Ok nevermine, I opend my eyes a little more and found this info on the white paper study for HII.
My only question now is if I have my ONE image that I use for several different hardware platforms, and I sysprep it again with the format above, am I going to effect my other hardware platforms when it comes time to deploy my image? Am I going to have issues with my Optiplexx 745s and 620s that currently work fine. Please exceuse me if I'm way off base, I am just a little confused by this proccess.
of course you will have an effect, because you are going to use ONE sysprep.inf with ONE image for all of your HW. But I won't expect any issues if you do it right.
It's some time ago I used to do this and since then I got rusty, but let's see how far my knowledge still goes:
You can use the BuildMassStorageSection=YES, but it will produce a lot of stuff you won't need. I prefer to put only the drivers I need by hand into the SysprepMassStorage section. To give you an example:
; (Windows Standard) Standard IDE
; (Windows Standard) Intel 8000xxx ...
; Intel SATA ICH6, ICH7, ICH8
;Start: HP SmartArray SATA
;End: HP SmartArray SATA
; HP SmartArray SCSI 5300, 5i, 532, 5312, 6i, 641, 642, 6400, 6400EM
As you can see, I tell Windows that my mass storage boot-device will either be standard IDE, Intel SATA (ICH6, 7 or 8 architecture), HP SmartArray SATA, HP SmartArray SCSI 5300, 5i, 532, 5312, 6i, 641, 642, 6400, 6400EM or one of the VMware SCSI devices. And that's it - not one of the myriad of the other devices that Windows supports right out of the box. BTW: I don't really install Windows XP on HP server class HW ;-)
Remember to put these entries into sysprep.inf before you start sysprep.exe and leave the driver files in the image. You can't inject new mass storage drivers and append them in sysprep.inf while in OSD! Windows won't recognize them and may be unable to boot into mini-setup. In this respect mass storage (better: boot mass storage) is different from PnP hardware, which isn't to be accessed to boot Windows.
bis denn dann
I used to preach that injecting mass storage drivers can't be done. You can't inject a mass storage driver the way you inject a NIC or a video driver because the machine blue screens (code 7B, inaccessible boot device) before mini-setup gets chance to run.
Or can you? If you read the latest version of the HII whitepaper (pick it up from droppedpackets.org), you may have noticed that I'm changing my mind.
The recommendation remains to include all the mass storage drivers that are going to be needed in your image, exactly as Carsten says. But if you have to inject a mass storage driver, it can be done. The whitepaper describes 2 ways of doing it.
Thank you for time and the info guys, Good stuff. I looked at the latest version of the whitepaper and have a question though, I want to make sure I understand this correctly. We have Dell 755s, 760s, and 960s that we currently are trying to deploy one image to. Obiviously based on the machine type that is discovered, we pull in the specific drivers but when it comes to the SATA driver and using the capture.msd, I would need to run it on each preconfigured machine before sysprep and capturing the image? This would create the appropriate .inf, .sys, and .reg file that would remain on the image captured. I then execute InjectMS Dduring my deployment script and reference the msd folder on the image. My question is though, how do I handle multiple types of hardware with a single image? Obviously my msd folder will be specific to the machine that I ran CaptureMSD so this is when I get a little or a lot confused. : ) InjectMSD looks to be the easiest way to do it but I'm not 100% sure it will work for us unless I'm not completely understanding it.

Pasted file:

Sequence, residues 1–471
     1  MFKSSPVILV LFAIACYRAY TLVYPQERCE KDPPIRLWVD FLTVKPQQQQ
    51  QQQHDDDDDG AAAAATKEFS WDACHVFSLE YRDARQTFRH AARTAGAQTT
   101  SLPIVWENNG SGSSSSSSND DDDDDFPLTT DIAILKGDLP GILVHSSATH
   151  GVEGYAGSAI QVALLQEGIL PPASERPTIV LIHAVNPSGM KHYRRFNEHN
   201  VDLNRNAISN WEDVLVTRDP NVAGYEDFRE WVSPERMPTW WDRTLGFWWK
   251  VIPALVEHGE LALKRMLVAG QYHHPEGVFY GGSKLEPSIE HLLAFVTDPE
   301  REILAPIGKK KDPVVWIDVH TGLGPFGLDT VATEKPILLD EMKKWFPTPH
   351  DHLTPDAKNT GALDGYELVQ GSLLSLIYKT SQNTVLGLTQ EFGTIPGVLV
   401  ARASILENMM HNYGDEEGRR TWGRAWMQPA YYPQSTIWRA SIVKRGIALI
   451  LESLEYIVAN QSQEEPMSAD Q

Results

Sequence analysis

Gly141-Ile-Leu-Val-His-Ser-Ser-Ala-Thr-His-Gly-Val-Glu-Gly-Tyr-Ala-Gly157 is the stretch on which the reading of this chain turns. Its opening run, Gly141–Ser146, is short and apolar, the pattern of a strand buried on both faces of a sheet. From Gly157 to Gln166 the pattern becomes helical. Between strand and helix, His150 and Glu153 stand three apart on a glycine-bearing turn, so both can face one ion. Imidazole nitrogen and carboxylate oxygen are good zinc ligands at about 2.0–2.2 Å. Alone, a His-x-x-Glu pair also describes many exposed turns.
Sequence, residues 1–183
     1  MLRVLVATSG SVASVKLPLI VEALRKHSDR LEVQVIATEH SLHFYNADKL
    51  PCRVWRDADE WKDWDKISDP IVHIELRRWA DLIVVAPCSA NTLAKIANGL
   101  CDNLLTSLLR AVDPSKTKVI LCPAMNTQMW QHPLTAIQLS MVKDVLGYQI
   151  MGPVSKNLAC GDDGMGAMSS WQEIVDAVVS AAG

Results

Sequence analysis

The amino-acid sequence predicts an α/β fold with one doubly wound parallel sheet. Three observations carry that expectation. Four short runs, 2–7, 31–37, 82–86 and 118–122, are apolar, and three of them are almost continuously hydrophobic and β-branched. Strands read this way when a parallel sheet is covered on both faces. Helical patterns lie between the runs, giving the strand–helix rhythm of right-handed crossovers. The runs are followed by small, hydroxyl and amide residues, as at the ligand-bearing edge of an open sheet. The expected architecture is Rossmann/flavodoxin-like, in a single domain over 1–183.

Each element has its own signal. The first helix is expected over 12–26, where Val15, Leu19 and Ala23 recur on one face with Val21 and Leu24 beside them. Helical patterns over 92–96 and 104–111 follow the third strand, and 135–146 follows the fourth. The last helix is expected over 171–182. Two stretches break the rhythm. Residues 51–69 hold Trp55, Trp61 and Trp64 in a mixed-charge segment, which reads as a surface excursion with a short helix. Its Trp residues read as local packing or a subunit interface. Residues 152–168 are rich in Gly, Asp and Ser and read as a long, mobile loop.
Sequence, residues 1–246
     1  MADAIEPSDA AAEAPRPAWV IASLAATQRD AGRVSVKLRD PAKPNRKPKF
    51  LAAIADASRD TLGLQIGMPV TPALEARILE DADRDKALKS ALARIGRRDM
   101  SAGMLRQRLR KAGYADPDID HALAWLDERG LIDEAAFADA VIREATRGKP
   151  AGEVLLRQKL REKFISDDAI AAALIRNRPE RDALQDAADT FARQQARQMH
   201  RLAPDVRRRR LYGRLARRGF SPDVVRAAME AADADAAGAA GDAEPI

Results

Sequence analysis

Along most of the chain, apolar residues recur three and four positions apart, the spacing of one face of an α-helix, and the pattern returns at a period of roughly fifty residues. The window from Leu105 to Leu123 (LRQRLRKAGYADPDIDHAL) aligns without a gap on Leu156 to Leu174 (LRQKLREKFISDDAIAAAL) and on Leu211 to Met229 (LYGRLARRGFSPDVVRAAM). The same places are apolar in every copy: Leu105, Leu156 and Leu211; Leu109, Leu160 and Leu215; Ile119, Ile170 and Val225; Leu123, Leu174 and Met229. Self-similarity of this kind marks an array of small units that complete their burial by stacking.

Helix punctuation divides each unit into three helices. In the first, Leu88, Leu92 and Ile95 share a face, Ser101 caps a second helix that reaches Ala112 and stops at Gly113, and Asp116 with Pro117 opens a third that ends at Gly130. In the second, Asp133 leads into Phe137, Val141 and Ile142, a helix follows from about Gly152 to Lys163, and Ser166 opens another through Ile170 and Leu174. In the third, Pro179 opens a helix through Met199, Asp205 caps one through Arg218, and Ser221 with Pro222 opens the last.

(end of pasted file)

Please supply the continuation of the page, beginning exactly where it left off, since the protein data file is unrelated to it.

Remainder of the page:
GREAT Document... It sure has come a long way since the first revision... =) what would you recommend for situations where your imaging a machine using provisioning that exists in LANDesk and Active Directory. I would think since the Image is syspreped the SID will be different so the old computer account should be deleted. I was thinking of using like DSMOD and DSQuery to check for the computer account and if it exists delete it. It will be rejoined during the sysprep process...
I did notice if the binding account used in the sysprep joining process is a domain admin it will just overwrite the old computer object... In situations like this would you recommend deleting the account prior to imaging?
Thanks in advance.
I suppose you were looking at Fig 14 in the document. It shows what an OSD script using injectmsd might look like. And you noticed that the injectmsd command line in the sample script refers to a path like c:\drivers\msd. And you wondered where that came from. You seem to believe that c:\drivers\msd is stuff that came embedded in the image. It isn't. All of c:\drivers is HW dependent content that has just been copied from a server a few lines before.
I know it's a lot to ask - it's a big document - but you'll need to make an effort to understand the complete process. Look again at Fig 14 and work out what the other command lines do. It's all in the document. You can't understand any part of it in isolation.
When I try to imagine what you are doing today, you probably have a UNC share with 3 driver folders called 755s, 760s, and 960s. In your OSD script, you xcopy one of these folders to c:\drivers, depending on machine type. If you are going to use injectmsd, you just add one subfolder called msd to each of the drivers folders on your server. You populate them with the output of capturemsd. So when you xcopy an appropriate driver subtree depending on your machine type, one of the subfolders that gets copied is the correct msd subfolder dor that machine type.
So part of setting things up is you take a fully installed machine of each type, you run capturemsd on each one and you store the output in the msd subfolder for that machine type. There's nothing to do at sysprep time. No SysprepMassStorage section to set up.
In my original test setup, I took an image of an IDE machine and deployed it to one SATA and one SCSI machine. In the first real-life exercise, a partner used the process to deploy an exisitng image (again, IDE based) to 4 or 5 different types of Dell machines with a couple of different SATA controllers. But as I state in the document, consider it an experimental process. Try it before you believe it.